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Posted: 14 May 2007 08:06 AM   [ Ignore ]   [ # 27 ]
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You could have ‘boat-significant-other’ for boatswain - shortened to ‘boso’

(I’ll get me coat . . .)

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Posted: 14 May 2007 09:00 AM   [ Ignore ]   [ # 28 ]
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This has cleared things up a lot for me and thanks. I now see there are elements of sexism in some of these appellations though I’d still assert ‘actress’ can be helpful and save time as it nails down gender and profession in one word.
Say I’m no film buff:
A: I met a famous person today
B: Who?
A: An eminent actor
B: Yeah, but who? A guy?
A: Kelly Preston
B: Male or female?

‘I met the famous actress Kelly Preston today’ is a lot more economical, even if the above dialogue is highly unlikely!

This begs the question of why all ‘actors’ shouldn’t be up for awards in one single category eg Best Performer, regardless of gender. Nicholson butches it out with Paltrow! I reckon female actors would definitely assert their gender here.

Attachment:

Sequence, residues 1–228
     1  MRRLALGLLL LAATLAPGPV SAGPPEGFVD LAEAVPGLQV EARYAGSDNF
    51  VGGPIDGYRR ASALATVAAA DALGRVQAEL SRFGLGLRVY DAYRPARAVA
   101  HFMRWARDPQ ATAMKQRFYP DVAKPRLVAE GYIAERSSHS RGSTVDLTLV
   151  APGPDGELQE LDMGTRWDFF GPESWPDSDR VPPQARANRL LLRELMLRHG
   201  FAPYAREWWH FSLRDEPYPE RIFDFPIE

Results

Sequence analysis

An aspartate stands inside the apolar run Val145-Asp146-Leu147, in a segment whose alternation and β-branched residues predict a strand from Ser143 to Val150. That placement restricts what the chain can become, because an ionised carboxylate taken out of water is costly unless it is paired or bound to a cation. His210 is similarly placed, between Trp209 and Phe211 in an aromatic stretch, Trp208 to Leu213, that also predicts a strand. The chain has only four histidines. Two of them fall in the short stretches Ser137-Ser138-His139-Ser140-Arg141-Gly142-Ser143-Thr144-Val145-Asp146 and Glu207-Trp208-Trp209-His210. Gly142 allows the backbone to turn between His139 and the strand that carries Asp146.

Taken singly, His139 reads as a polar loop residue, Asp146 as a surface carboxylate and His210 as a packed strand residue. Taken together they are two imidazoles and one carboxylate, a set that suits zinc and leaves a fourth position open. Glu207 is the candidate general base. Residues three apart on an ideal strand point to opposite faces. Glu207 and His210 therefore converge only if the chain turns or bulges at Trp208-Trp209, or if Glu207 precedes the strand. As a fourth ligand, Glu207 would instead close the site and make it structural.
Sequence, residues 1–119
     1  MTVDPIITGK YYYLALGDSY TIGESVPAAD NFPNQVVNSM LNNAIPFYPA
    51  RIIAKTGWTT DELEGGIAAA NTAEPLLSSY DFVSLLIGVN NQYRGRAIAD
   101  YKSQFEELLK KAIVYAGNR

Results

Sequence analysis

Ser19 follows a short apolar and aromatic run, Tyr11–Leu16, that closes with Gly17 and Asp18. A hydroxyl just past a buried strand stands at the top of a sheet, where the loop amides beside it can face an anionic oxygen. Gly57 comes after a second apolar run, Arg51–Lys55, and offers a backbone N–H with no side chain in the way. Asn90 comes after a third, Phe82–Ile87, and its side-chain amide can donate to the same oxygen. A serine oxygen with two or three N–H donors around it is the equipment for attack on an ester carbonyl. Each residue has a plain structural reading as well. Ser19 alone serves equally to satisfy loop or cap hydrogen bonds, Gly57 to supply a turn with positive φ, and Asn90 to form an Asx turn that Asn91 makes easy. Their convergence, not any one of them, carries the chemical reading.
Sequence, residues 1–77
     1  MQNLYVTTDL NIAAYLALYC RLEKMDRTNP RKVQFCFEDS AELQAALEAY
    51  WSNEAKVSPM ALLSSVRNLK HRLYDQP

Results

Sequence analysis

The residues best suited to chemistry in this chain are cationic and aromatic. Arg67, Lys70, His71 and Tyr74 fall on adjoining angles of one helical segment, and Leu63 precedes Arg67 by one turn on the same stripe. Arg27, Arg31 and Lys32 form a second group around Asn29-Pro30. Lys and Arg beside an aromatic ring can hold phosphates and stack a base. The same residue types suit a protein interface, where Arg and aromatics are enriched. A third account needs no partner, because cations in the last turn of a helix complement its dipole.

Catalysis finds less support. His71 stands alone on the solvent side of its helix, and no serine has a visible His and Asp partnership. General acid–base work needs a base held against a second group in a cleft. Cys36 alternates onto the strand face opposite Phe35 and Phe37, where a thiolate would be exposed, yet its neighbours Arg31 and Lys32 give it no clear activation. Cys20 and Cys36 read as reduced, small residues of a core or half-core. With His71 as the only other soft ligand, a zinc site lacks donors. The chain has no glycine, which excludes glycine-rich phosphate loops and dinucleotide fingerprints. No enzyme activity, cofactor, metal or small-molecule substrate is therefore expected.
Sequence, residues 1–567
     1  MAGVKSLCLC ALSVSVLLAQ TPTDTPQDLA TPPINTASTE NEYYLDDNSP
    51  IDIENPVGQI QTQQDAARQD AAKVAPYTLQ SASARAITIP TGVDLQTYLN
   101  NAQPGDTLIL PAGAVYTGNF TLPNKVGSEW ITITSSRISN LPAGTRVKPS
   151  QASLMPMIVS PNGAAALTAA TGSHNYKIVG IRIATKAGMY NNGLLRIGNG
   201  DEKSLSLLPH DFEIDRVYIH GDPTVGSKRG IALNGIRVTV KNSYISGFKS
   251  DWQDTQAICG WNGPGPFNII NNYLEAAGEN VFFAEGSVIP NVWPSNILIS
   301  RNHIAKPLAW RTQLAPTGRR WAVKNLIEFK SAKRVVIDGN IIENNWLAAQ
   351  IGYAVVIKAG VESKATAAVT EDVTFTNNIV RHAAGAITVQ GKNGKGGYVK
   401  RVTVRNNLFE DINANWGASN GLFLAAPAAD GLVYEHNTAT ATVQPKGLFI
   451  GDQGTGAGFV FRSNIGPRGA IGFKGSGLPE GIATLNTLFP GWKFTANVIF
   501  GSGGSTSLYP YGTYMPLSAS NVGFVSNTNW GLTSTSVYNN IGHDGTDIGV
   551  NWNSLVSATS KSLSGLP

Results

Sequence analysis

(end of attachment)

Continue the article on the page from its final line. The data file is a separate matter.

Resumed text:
There is also a book prize in the UK for female novelists. I don’t know how popular this is among them, when many write equally good novels that sometimes win (and often get shortlisted for) Bookers and Whitbreads in competition with their male counterparts, anyway.

Maybe it is that the movie biz is a bit more vain and hype-driven; the more awards the better for the studio, ‘actors’ careers and the ‘industry’.

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Posted: 14 May 2007 09:16 AM   [ Ignore ]   [ # 29 ]
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No, because both words are gender-neutral and therefore confusion is avoided

Well, exactly.  Which is precisely why many women would like all such terms to be gender-neutral.

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Posted: 14 May 2007 10:40 AM   [ Ignore ]   [ # 30 ]
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And then there’s Diva and Prima Donna.  Haven’t heard of many guys being described as such.